Elisa’s Update 4/24/07

April 24th. Greeting from New Orleans! As many of you may already know, Southern Louisiana and Mississippi are still in a very nightmarish situation over one and a half years after the levees broke. The Lower 9th Ward, where we are staying and partnering with Emergency Communities (www.emergencycommunities.org), is in exceptionally bad condition. Only one to two houses on a block are inhabited while the rest remain in the condition they’ve been in since the flooding. No grocery stories have reopened, the eight o’clock curfew still remains, and military police are still present. Some people who weren’t addicts before are now smoking crack as means of escape. Still, the residents of the Lower 9th Ward and New Orleans have hope, and envision a better future ahead.

So far, Gwen Rooker and I have performed in elementary schools, community centers, after school programs, and the Children’s Hospital of New Orleans. We held a parade in the Lower 9th Ward with the help of a local four-year old girl, her twenty-year old sister, and our new fiddle-playing friend, Mazy. Although most homes here still stand uninhabitable and empty, those residents who remain welcome our playful presence. They danced with us outside their homes until we continued on down the street.

The kids in the communities we visit laugh so hard during our shows that I’m pretty sure I lost some hearing. There’s one part of the show where Gwen makes a handkerchief disappear. The kids get so excited they shoot out of their chairs, telling her where they think the handkerchief went, and screaming with glee when she pulls it out of a child’s shirt collar.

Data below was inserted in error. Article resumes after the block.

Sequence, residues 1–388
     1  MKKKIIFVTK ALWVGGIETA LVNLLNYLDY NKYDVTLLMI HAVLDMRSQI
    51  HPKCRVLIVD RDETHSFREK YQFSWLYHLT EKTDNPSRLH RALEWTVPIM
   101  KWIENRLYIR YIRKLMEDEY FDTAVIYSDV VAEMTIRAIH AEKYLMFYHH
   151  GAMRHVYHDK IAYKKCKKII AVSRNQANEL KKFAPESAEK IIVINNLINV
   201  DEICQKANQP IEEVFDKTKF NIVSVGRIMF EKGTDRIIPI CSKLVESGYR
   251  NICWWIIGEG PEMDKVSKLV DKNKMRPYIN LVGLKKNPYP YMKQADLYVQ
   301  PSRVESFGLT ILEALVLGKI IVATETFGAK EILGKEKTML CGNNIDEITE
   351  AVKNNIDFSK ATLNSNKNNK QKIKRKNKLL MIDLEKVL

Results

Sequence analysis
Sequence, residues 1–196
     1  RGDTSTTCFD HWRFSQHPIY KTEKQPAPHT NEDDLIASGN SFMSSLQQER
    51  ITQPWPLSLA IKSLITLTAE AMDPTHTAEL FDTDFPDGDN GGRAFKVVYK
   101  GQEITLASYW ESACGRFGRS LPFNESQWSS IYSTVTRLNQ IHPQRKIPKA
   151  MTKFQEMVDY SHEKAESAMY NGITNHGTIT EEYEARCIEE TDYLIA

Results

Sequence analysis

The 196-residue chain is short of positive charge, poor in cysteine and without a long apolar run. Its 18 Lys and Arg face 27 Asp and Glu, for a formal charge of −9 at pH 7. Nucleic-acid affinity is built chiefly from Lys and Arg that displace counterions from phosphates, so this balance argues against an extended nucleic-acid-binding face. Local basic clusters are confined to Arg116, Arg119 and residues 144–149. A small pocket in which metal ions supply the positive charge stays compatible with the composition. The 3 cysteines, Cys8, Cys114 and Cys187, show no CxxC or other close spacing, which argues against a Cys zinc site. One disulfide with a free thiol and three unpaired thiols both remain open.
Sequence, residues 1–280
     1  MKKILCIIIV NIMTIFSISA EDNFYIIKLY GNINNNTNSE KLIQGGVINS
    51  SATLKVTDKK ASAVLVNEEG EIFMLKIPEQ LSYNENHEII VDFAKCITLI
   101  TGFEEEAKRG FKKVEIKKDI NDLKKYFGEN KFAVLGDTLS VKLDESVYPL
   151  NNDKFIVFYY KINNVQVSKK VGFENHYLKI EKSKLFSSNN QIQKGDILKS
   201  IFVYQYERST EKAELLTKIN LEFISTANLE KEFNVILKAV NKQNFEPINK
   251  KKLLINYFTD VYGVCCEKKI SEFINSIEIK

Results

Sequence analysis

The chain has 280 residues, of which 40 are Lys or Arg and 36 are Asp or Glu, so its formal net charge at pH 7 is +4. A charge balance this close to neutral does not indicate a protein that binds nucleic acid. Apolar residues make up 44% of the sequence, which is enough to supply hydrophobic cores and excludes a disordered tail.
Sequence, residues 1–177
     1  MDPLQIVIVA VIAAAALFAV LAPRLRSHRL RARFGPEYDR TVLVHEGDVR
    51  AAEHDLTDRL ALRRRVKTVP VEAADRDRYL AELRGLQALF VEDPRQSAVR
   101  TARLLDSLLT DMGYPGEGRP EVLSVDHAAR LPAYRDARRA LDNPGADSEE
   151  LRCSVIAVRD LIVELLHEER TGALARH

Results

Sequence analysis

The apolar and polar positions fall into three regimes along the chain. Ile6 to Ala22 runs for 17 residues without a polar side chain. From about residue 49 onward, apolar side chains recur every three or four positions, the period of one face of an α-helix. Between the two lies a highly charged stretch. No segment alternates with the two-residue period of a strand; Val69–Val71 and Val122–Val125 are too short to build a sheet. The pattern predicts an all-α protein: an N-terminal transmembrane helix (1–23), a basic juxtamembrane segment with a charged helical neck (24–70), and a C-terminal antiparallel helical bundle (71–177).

Gwen and I have another five days to make the situation here a little brighter so you’ll see another email update from us. Until then I hope this email finds you healthy and in good spirits.

For many, life is still a struggle, with few positive outlets or happy distractions. At the Diamond FEMA Trailer Park, a mini-city seemingly in the middle of nowhere, kids leave the site each morning for school – a brief respite from claustrophobic living conditions. Once they return to the trailer park, there is nothing for them to do. Some kids aren’t even making it to school. One child told us, “I used to go to school. I liked school.” We heard similar words from a preschool-aged boy while clowning at a shelter provided by Common Ground Relief.

We performed our 30 minute clown show in elementary schools, community centers, a FEMA trailer park, and a hospital. The children laughed very hard at our act. Elisa and I do a dance competition. I play accordion while Elisa tries to move our luggage unsuccessfully. We sing a song together about bubblegum. Elisa makes friends with an invisible bird. She accidentally swallows the bird, so we call upon an audience member to become the doctor to help. For one little girl who had a hard time socializing, this became her opportunity to shine. We invent a magic telescope that lets you see fantastic things when you look through it. This encourages children to imagine funny, wonderful things. We also perform acrobatics, and at the end of the show, we call up a child from the audience to stand on Elisa’s shoulders while I spot them.

The kids in the communities we visit laugh so hard during our shows that I’m pretty sure I lost some hearing. There’s one part of the show where Gwen makes a handkerchief disappear. The kids get so excited they shoot out of their chairs, telling her where they think the handkerchief went, and screaming with glee when she pulls it out of a child’s shirt collar.

Elisa

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